People need to know this. Yes, Democrats could improve on some things, but to me these two examples are bell weather ones that speak volumes about the mission of the Republican Party. Sadly, there are others I could have used. Look beneath behind the curtain at the Wizard to see what is really happening.

A revisit to Paul O’Neill and his leadership at Alcoa and in the US Treasury (Liz Truss should have taken notice a few months ago)

The following is from an older post, but highlights what true leadership looks like in a man named Paul O’Neill when he was CEO of Alcoa. It also shows what a man of integrity looks like when, as Secretary of the Treasury, he cautioned President George W. Bush against a tax cut to stimulate the economy, a lesson Liz Truss could have used.

I am in the middle of a fascinating book by Charles Duhigg called “The Power of Habit – Why We Do What We Do In Life and Business” and a very useful example appears involving Paul O’Neill. The name rang a bell for another reason, but more on that later. Who is Paul O’Neill? O’Neill was the CEO who turned Alcoa around during his tenure from 1987 – 2000. He joined a company in turmoil, and under his leadership, the value of the company doubled and the annual revenue went from $1.5 Billion in 1987 to $23 Billion. How did he help Alcoa achieve these results?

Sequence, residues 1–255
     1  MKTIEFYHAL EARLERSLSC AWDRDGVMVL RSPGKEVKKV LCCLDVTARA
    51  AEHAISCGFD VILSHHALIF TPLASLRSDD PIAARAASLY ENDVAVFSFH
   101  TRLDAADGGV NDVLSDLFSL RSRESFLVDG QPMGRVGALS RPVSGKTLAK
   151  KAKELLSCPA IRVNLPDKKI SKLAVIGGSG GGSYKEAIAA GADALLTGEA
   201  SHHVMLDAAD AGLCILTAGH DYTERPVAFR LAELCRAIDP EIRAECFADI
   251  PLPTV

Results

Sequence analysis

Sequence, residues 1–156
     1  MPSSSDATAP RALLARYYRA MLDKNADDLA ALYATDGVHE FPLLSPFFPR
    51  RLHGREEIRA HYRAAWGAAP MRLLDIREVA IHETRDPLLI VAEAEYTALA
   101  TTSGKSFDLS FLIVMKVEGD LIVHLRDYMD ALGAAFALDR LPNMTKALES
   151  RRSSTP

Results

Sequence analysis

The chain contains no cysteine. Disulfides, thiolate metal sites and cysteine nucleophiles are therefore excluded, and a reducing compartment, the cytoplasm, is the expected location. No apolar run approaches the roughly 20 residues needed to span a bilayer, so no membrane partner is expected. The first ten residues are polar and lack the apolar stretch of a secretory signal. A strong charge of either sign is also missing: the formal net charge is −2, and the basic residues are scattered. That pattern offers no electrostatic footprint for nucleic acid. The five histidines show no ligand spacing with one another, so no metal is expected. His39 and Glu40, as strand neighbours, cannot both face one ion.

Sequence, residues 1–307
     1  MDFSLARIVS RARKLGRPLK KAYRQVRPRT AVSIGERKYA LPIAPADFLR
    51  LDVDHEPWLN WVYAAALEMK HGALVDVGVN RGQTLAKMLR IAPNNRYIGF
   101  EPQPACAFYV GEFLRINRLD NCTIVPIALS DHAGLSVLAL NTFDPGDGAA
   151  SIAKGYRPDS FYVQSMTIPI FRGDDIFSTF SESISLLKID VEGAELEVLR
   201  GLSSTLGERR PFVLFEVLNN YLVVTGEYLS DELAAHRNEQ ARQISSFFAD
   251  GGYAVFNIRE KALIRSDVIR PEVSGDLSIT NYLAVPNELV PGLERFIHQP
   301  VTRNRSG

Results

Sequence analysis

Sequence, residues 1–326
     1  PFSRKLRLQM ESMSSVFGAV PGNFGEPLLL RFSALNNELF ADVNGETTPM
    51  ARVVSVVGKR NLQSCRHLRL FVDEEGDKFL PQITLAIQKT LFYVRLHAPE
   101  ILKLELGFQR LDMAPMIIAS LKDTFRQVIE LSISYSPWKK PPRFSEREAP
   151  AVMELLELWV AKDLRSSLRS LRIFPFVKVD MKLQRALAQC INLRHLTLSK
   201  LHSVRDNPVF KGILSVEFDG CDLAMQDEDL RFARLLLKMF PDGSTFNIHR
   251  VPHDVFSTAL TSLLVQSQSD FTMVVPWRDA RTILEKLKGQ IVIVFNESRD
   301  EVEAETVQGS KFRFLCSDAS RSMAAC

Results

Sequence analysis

Ironically, when he made his first speech to investors and stock analysts, they came away unimpressed. He was not a well-known quantity having served as a in the VA Administration, Office of Management and Budget and as a Vice President and President of International Paper. Yet, what he said in that speech gave everyone pause. He said “I want to talk about worker safety.” He went on to discuss how Alcoa had a horrible safety record and his goal was “to go for zero injuries.” Many stock analysts were stunned by this focus as he did not use any of the typical words around synergy or rightsizing, etc. Several told their clients to divest of Alcoa stock after that meeting. One analyst later said “It was the worst piece of advice I gave in my entire career.”

Why the focus? The purpose of the book is to understand the role habits play in everything we do. If you can find a keystone habit and get someone to change it, then other better habits will follow. Companies were no different. O’Neill recognized before he took the job, he needed to help Alcoa change, but the unions did not trust management, communication was poor and processes needed changing. So, he decided to focus on the one thing everyone could agree on – worker safety. By focusing on worker safety, he would help change that habit and watch it spillover.